The cast in Rampage is very recognizable one, featuring a lot of known / familiar actors and actresses that populate the film’s various characters. Unfortunately, much like movie itself, most of these characters are poorly written and / or too paper-thin (almost cartoon-like caricatures) to be memorable within the movie. Naturally, former wrestler / actor Dwayne “The Rock” Johnson leads the charge of the film’s cast as Davis Okoye, the film’s central protagonist character. Johnson, known for his roles in Moana, Jumanji: Welcome to the Jungle, and several of The Fast and the Furious movies, has always been brought his magnetic and charm personality to the role (i.e. slightly over-the-top and likeable) and does in again in Davis Okoye. However, while Johnson’s Davis embodies all the traits that we (the viewers) have grown accustomed too from “The Rock”, the character of Davis isn’t that quite compelling or interesting. He basically can do a little bit of everything: be an action badass hero, fly a helicopter, be a primatologist, be an animal whisper, etc. On top of that, his character isn’t given much depth and / or substance beyond his relationship to George. Speaking of that, those particular scenes are probably the most emotional connection Rampage has to offer, but those sequences bookend the feature, so it’s hard drum up some clear hearted emotion beyond that. Still, Johnson is the primary star of the feature and certainly does carry the film on his shoulder (both the good and the bad). It’s basically what you expect from him with his action hero nuances that’s blended with his comedic timing and hammy over-the-top dialogue, which Johnson has perfected down to a “T”. In the end, Johnson’s Davis seems to be the heart of Rampage, but, considering all the other performances that he’s done in his career, this particular one isn’t his most memorable…. more like his “greatest hits” compilation.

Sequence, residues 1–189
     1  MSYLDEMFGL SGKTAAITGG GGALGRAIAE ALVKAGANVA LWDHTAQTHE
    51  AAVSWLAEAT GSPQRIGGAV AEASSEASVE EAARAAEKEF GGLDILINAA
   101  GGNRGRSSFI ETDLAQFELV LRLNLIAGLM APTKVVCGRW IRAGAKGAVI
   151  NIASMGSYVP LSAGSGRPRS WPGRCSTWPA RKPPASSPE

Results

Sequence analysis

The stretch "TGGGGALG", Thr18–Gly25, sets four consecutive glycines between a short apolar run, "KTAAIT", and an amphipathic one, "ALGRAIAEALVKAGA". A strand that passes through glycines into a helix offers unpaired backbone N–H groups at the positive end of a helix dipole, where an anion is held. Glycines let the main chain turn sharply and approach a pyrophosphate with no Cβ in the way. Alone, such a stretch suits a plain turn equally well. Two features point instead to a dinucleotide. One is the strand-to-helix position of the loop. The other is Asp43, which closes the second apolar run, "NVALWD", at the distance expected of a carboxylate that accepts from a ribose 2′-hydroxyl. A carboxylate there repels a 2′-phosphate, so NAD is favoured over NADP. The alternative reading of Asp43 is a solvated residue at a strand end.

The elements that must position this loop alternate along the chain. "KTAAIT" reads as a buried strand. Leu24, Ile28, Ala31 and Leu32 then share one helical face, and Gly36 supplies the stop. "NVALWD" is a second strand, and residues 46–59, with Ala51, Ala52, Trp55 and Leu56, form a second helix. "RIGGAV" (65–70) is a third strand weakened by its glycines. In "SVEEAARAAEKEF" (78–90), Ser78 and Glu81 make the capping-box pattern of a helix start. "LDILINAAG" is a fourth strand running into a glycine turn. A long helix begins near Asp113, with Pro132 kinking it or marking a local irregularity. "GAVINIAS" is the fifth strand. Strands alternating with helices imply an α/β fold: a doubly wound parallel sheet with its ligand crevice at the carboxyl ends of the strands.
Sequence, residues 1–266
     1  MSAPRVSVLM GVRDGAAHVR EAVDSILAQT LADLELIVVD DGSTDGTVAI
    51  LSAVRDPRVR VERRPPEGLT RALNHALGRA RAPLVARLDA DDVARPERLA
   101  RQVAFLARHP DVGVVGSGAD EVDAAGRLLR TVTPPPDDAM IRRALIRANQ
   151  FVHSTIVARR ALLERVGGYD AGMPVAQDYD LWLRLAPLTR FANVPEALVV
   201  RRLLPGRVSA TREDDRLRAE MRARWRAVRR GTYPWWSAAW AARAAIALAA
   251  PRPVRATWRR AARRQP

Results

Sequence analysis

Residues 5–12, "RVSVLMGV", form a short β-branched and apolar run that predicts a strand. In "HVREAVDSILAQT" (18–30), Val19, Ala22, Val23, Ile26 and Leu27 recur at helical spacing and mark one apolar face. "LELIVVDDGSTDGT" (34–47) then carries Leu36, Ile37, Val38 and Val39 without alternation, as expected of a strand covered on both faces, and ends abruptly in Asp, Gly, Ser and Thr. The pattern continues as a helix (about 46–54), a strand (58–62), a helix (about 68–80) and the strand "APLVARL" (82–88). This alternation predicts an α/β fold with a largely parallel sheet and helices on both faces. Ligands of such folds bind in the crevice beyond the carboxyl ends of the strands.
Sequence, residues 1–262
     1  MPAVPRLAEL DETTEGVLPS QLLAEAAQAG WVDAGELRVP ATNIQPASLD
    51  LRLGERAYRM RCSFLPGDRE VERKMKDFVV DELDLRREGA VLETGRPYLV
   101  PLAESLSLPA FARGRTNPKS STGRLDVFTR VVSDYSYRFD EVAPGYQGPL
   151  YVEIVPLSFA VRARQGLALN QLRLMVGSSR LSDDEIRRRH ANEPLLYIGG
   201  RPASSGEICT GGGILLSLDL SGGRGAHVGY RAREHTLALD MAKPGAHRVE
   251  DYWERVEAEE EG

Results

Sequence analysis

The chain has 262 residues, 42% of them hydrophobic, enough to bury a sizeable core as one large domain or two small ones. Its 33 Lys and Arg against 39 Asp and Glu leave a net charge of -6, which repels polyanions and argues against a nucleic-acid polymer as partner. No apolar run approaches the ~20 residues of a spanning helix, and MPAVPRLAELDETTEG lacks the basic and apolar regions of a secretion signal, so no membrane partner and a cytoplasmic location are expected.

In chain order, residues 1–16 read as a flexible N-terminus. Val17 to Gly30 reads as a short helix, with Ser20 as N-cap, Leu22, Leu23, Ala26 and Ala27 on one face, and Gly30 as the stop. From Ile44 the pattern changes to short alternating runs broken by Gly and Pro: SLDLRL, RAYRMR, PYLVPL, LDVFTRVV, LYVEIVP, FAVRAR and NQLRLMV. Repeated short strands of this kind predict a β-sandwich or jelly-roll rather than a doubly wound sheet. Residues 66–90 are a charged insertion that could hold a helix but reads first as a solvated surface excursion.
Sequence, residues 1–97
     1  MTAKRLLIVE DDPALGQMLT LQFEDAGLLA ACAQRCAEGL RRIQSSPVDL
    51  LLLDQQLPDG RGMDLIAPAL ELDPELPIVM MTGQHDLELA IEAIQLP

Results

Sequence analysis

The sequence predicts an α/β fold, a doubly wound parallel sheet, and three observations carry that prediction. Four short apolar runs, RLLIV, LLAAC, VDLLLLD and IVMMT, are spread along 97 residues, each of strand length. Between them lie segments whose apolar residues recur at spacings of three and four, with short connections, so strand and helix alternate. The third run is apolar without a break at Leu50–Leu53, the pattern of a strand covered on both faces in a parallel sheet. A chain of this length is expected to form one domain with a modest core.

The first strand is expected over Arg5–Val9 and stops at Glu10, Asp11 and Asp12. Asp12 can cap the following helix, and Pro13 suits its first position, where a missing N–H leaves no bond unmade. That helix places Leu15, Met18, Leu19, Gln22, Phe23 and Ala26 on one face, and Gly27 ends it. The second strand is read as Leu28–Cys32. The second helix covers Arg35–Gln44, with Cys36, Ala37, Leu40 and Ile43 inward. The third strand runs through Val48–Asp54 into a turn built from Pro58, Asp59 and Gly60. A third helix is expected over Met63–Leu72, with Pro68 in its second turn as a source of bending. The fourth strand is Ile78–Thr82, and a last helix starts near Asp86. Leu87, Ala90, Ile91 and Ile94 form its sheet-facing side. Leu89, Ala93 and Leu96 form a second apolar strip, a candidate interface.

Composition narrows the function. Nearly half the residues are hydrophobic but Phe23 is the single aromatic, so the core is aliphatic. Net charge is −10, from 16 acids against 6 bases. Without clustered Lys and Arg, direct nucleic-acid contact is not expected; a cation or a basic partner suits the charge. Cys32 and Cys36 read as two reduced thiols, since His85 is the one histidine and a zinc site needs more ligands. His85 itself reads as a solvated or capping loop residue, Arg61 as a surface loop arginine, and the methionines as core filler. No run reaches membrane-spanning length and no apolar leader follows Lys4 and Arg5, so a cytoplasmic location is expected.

Beyond Johnson, the only other member of Rampage’s cast that’s indeed memorable is actor Jeffery Dean Morgan, who plays the secretive government agent Harvey Russell. Known for his roles in Watchmen, The Losers, and The Walking Dead, Morgan definitely seems like he’s enjoying his time on Rampage, chewing through his dialogue with glee and with great ease. While his character isn’t that quite innovated or original or even well-rounded, Morgan makes a fun iteration of the classic high-profile government agent, giving Russell a southern charm swagger that plays well with the context of Rampage (much like Johnson’s Davis). Unfortunately, beyond Johnson and Morgan, most of the important supporting characters in Rampage are paper-thin and / or stupidly written that they come off as cartoon cookie cutout caricatures. For the paper-thin, that goes to the character of Dr. Kate Caldwell, who is played by actress Naomie Harris (Pirates of the Caribbean: Dead Men’s Chest and Skyfall). Harris is a talented actress and does what she can with the material, making Harris, who is a discredited genetic engineer that aides Davis in his endeavor to help save George. However, the character of Kate Caldwell is incredible flat and stale, mostly there to bring plot points / exposition to the viewers and to act (and react) to Johnson’s Davis for pretty much the entire feature. They try to give her a somewhat backstory, but even that becomes uninteresting in the film’s grand scheme of things. As for the stupidly-written part, that award goes to the characters of Claire and Brett Wyden, the conniving sister / brother dup behind the pathogen creation for “Project Rampage”, who are played by actress Malin Akerman (Couples Retreat and Billions) and actor Jake Lacy (How to be Single and Girls). Now, I do like both Akerman and Lacy in some of their previous projects, but their characters in Rampage are hands down the absolute worst. Much like what I said above about the film’s weak plot, these two are part of the problem. Granted, both Akerman and Lacy do what they can in their roles, but they are so stupidly corny and thinly written that its almost an embarrassment for both of them. As I said, there’s no clearly motive to the Wyden’s plan for “Project Rampage” and their characterization are cringe worthy and generic that it’s almost pathetic. Sadly, these two characters are literally the absolute worst part of Rampage.